Apple Inc. (NASDAQ:AAPL) takes great care with your data and personal information – the company prides itself on this fact. Apple does a great job of preventing bad guys from getting to your credit card info but law enforcement can find it almost impossible to get information off your devices as well. Hackers (ethical or otherwise) and law enforcement officials often meet with brick walls in trying to break into Apple devices. Now, the firm has taken its privacy game a notch higher as it seeks to deter users from taking their phones to unauthorized repair shops.
You’ll remember that law enforcement officials have tried to force Apple to create a backdoor into the encryption though which they can access its devices. Apple has refused to make the backdoor and the firm has said that it can’t even access the user data – the only way the Police, FBI, CIA and others can access the data on your iPhone is to get you to hand over the iPhone to them. Now, Apple doesn’t want its customers to hand over their phones to just anybody without thinking about how the action might affect their privacy
Error 53 might be Apple’s way of protecting user privacy
People who have upgraded to Apple’s latest OS, iOS 9 might see an “Error 53” whey they try to restore the phone though the iTunes program. Error 53 seems to appear on iPhone 6, iPhone 6 Plus, iPhone 6S, and iPhone 6S Plus and it makes it practically impossible to use the devices – the dreaded Error 53 can turn your device into an expensive paperweight.
Apple, in response to outcries about the error has said that that phones with repaired or replaced home buttons are at risk of triggering error 53. The relationship between the home button and Error 53 is that the Touch ID fingerprint sensors on the latest iPhones are located around the home button. Tech experts have noted that damage to the home button or its replacement would kill the fingerprint recognition feature of the devices.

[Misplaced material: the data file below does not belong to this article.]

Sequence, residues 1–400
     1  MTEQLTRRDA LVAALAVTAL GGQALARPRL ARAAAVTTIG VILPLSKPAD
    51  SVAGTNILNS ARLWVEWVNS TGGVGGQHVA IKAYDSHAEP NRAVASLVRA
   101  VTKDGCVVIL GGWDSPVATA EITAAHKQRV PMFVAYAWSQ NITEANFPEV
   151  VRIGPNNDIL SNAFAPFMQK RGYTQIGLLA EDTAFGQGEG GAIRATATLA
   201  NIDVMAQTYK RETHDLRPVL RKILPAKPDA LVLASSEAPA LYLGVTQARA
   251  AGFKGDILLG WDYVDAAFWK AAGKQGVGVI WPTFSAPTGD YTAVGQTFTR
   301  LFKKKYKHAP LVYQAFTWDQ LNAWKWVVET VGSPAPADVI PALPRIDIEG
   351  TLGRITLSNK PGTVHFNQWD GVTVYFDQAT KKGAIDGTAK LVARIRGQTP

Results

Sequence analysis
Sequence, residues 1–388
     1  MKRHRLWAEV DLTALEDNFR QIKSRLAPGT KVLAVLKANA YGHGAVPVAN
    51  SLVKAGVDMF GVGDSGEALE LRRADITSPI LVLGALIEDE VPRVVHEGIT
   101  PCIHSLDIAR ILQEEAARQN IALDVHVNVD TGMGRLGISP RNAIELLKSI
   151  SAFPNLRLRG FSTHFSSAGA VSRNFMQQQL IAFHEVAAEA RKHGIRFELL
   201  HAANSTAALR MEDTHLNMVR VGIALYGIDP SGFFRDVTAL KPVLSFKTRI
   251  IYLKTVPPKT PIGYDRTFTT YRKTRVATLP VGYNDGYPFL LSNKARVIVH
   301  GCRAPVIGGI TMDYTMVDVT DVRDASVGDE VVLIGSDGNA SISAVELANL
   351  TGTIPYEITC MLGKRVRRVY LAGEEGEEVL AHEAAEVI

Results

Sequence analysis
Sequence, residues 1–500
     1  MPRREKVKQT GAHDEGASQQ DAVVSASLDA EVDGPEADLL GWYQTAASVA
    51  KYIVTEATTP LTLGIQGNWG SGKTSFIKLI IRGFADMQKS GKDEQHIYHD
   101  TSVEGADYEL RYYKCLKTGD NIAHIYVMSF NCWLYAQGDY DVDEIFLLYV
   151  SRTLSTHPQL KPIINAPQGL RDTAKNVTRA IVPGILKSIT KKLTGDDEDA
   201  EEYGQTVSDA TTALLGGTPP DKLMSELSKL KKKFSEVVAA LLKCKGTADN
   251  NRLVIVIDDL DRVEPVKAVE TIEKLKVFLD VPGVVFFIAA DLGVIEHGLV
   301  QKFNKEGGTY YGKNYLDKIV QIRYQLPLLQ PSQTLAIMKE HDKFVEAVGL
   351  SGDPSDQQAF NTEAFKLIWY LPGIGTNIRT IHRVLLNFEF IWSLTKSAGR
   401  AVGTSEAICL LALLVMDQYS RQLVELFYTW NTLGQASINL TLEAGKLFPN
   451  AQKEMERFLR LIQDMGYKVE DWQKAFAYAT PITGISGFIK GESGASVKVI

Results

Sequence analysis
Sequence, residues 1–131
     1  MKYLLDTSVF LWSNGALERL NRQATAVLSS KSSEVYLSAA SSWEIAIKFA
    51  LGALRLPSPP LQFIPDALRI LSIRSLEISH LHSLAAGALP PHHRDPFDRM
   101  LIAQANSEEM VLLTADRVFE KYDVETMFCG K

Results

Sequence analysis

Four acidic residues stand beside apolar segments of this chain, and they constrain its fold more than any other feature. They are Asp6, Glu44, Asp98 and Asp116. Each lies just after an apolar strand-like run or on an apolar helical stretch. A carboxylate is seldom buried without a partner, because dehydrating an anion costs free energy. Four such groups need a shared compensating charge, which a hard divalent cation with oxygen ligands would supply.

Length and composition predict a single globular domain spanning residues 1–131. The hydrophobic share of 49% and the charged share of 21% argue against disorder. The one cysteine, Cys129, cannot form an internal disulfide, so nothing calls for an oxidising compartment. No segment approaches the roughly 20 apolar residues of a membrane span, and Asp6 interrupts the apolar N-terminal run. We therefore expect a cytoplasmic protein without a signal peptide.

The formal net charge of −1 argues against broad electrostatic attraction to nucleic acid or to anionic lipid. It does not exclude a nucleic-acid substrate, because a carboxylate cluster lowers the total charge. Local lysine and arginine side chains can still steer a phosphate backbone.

Now, with iOS 9, Apple (NASDAQ:AAPL) seems to be disabling devices that have been repaired by third parties because there’s no way to fix Error 53 – the only option is to buy a new iPhone. Fortune notes that “Apple’s reasoning for the new security feature is to prevent unauthorized access by unapproved vendors to a user’s fingerprint data.”
Hackers are not giving up on Apple
Apple thinks that it can maintain the privacy of its devices by deterring people from taking their devices to third-party repair shops. However, hackers are serious about getting into the inner workings of things at the firm and the hackers are not lurking around third-party repair shops – hackers are making passes at Apple (NASDAQ:AAPL) employees in the hopes of getting them to reveal worker login details.
Business Insider reports that hackers have offered $25,000 to Apple employees in Ireland to get them to part with login details. One of the employees who spoke with Business Insider revealed that, “You’d be surprised how many people get on to us, just random Apple employees… You get emails offering you thousands [of Euros] to get a password to get access to Apple.”
It remains unclear what the hackers are after – they might want data on individual accounts, patents, or corporate strategy – I am tempted to think this might be less of hackers and more of corporate espionage. Whatever it is that the hackers want, they are willing to pay good money because the source revealed that “I could sell my Apple ID login information online for $23,000 tomorrow. That’s how much people are trying.”